Edgar Manas was born on April 12, 1875 in Istanbul. He is known to be one of the three co-authors of the Turkish National Anthem, as he made the arrangements for orchestra.[12] Artistically gifted young Edgar was sent to Italy at the age of 13 to attend the Murat-Raphaelian Armenian School to study commerce.[13] While in Venice he also took piano lessons with Professor Trivellini. Upon graduating in 1894, he returned to his native city. Yet, his impulse to continue his music studies took him back to Italy, where he settled in Padua and worked with composer Luigi Bottazzo, focusing on harmony, counterpoint and fugue. Back in Constantinople, Manas pursued his music studies further. He concentrated primarily on composition by examining the classics and the works of contemporary French masters. He produced a series of piano composition in the idiom of Chopin, including "Minuet-Valse" which was published in 1905 by A. Comendinger[14] of Constantinople. During the same year, Edgar Manas conducted the Gallia choral group in a concert at Salle de fêtes de l'Union française, a local auditorium, which earned him the Order of Officier d’académie from the French government. In 1912, Manas made the acquaintance of Komitas, the founder of modern Armenian music. Although their relationship was cordial, it was not particularly close, for Manas and Komitas lived in two different aesthetic worlds.[15] Edgar Manas perhaps is best remembered for his work on İstiklal Marşı, the Turkish National Anthem. In 1932, he was commissioned by the Turkish Republic to harmonize and orchestrate the melody created by Zeki Üngör. In 1933, a choir of 160 members performed his Vatan Şarkısı (National Song) at the Tepebaşı Tiyatrosu in Istanbul. The following year, Manas arranged and published 5 Türk Halk Şarkısı (Five Turkish Folk Songs) and, in 1935, composed Danses populaires Turques (Turkish Folk Dances) for piano, published by Editions Maurice Senard in Paris. A large portion of Manas’s manuscripts is reposited at the Charents Museum of Literature and Arts of Armenia. His students included members of the Ottoman Palace, Turkish musicians, such as Hüseyin Sadeddin Arel and Dr. Suphi Ezgi,[16] and Armenian composers, including Ara Bartevian and Koharik Gazarossian. Edgar Manas died March 9, 1964 and is buried in the Armenian Catholic cemetery of Şişli in Istanbul.



  1. ^ a b c Shaw, Wendy M. K. (2010). Ottoman painting : reflections of western art from the Ottoman Empire to the Turkish Republic. London: I. B. Tauris. p. 38. ISBN 978-1-84885-288-4.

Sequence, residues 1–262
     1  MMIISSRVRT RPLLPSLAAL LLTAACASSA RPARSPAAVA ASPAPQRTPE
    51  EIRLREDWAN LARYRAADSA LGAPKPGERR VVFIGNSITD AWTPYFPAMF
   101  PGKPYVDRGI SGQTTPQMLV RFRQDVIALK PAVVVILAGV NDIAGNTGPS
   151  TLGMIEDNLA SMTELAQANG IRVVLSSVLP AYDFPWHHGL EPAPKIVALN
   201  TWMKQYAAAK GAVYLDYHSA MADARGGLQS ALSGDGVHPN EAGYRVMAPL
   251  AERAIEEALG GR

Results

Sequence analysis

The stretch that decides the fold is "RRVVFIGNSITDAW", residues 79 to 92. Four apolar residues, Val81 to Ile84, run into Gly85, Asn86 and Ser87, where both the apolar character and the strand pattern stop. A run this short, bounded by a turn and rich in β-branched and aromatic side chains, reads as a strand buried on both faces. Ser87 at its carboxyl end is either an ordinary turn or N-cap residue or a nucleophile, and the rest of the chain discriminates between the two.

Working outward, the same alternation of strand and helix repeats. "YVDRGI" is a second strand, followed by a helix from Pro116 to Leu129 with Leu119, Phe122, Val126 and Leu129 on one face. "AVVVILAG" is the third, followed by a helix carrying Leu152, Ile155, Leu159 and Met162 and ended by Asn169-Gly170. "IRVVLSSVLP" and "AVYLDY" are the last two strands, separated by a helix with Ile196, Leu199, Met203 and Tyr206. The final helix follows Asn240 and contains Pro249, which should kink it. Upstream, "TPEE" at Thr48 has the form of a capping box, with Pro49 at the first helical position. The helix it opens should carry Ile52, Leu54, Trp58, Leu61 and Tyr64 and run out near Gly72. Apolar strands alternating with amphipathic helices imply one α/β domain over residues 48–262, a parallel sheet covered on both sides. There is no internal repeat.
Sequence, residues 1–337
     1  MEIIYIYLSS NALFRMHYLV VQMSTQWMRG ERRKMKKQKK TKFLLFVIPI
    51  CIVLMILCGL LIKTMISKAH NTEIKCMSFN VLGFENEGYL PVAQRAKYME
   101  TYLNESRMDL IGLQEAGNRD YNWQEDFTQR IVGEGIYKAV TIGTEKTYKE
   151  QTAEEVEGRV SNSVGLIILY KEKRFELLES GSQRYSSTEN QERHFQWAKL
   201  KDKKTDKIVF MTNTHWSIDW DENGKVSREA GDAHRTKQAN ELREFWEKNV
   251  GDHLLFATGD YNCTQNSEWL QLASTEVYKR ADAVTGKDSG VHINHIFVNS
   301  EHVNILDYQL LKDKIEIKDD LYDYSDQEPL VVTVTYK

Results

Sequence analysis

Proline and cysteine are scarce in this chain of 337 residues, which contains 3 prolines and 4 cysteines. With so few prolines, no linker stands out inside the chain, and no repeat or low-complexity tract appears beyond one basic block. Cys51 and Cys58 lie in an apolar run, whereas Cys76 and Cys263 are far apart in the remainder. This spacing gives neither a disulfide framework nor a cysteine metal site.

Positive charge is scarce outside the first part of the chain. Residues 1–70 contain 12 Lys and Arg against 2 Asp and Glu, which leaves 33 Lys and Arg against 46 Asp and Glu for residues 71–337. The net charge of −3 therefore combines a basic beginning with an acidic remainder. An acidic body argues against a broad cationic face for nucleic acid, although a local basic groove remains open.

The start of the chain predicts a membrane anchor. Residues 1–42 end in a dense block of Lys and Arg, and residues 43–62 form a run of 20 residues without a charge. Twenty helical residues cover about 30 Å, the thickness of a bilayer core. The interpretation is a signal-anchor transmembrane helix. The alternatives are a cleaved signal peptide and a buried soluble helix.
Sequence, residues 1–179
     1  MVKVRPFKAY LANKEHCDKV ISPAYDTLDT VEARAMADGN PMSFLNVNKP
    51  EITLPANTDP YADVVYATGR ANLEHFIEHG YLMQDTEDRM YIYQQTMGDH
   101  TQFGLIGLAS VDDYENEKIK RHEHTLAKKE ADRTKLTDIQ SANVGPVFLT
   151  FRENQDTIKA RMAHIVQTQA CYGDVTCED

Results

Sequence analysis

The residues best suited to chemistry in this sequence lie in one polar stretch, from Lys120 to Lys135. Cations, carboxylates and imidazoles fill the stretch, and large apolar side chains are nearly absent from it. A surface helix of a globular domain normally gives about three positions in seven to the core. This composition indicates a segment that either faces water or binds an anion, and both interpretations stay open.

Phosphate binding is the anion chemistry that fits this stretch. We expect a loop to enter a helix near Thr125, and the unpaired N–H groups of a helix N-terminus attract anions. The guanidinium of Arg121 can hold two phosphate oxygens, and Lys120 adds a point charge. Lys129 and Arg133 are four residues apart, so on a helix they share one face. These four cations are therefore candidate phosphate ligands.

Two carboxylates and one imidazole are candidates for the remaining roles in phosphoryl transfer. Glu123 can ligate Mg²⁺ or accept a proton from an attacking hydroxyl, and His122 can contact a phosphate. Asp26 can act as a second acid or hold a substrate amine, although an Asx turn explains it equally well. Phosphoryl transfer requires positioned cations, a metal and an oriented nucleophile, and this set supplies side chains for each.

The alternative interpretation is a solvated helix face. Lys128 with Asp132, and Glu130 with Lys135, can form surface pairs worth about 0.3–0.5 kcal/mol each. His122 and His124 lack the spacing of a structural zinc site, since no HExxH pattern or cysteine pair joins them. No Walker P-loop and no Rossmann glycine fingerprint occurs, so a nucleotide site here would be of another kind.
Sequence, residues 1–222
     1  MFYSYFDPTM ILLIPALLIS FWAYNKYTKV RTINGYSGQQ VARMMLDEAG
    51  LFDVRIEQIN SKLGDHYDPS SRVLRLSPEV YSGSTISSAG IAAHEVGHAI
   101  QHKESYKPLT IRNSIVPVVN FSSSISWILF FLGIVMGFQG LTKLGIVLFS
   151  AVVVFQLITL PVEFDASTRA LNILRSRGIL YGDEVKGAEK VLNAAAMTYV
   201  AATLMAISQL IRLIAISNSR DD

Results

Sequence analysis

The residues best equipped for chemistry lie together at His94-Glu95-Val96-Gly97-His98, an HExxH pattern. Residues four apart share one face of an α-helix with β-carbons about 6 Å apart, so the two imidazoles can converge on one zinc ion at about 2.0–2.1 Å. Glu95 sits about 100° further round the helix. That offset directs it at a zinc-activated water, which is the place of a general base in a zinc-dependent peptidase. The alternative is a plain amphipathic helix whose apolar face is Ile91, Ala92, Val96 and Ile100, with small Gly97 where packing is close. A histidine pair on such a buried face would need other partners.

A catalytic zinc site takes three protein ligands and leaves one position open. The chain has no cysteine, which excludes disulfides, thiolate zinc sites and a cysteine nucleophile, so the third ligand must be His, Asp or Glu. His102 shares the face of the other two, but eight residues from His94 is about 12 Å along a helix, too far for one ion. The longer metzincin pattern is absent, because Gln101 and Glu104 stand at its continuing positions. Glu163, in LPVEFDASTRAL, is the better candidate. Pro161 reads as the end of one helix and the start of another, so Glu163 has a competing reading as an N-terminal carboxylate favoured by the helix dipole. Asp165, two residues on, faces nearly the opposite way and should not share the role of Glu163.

2. ^ a b c d e f g Kürkman, Garo (2004). Armenian painters in the Ottoman empire: 1600–1923. Istanbul: Matusalem publ. pp. 587–589. ISBN 978-975-92015-3-1.
  3. ^ Öztuncay, Bahattin (2003). The Photographers of Constantinople: Text & photographs. Aygaz. p. 37. ISBN 978-975-296-051-0.
  4. ^ a b c d "Family and People". Retrieved 10 December 2012.
  5. ^ a b c KÜÇÜKHASKÖYLÜ, Nurdan. Osmanlı Sarayında Ermeni Ressamlar: Manas Ailesi (PDF). Retrieved 10 December 2012.
  6. ^ Armenag Sarkisian, Pages d'Art Armenien, (Paris, 1940)
  7. ^ Renda, G. Batılılaşma dönemi Türk resim sanatı 1700–1850. Ankara: Hacettepe Üniversitesi Publications.
  8. ^ Mouradja d'Ohsson. Tableau general de I'Empire Othoman, iv, 1791
  9. ^ Germaner, Semra; İnankur, Zeynep (1989). Orientalism and Turkey. Beşiktaş, İstanbul: Turkish Cultural Service Foundation. p. 81. ISBN 978-975-7522-01-0.
  10. ^ a b Rogers, J.M. (2000). Empire of the Sultans : Ottoman art from the Khalili collection (4th ed.). Alexandria, Va.: Art Services International. p. 263. ISBN 978-0-88397-132-1.
  11. ^ Cark, Y. G. (1953). Türk devleti hizmetinde Ermeniler, 1453–1953. Yeni Matbaa. p. 302. |access-date= requires |url= (help)
  12. ^ Archived August 4, 2012, at the Wayback Machine.
  13. ^ Ս. Թէոդորեան։Պատմութիւն Մուրատեան վարժարանի։ Paris, 1857, Vol. I.
  14. ^ Bülent Alaner (1986). Osmanlı İmparatorluğu'ndan Günümüze Belgelerle Müzik Yayıncılıǧı (1876-1986). Anadol Yayıncılık. / BÜLENT ALANER'İN BU KİTABI BAŞTAN SONA İNTİHÂLDİR. BU KONUDA BKZ. YAVUZ DALOĞLU, ORKESTRA DERGİSİ, 155. SAYI, TEMMUZ 1986. /
  15. ^ Ցիցիլիա Բրուտեան (1968). Սփյուռքի հայ երաժիշտները. «Հայաստան» հրատարակչություն, Երևան. p 406.
  16. ^ Turkish Music Portal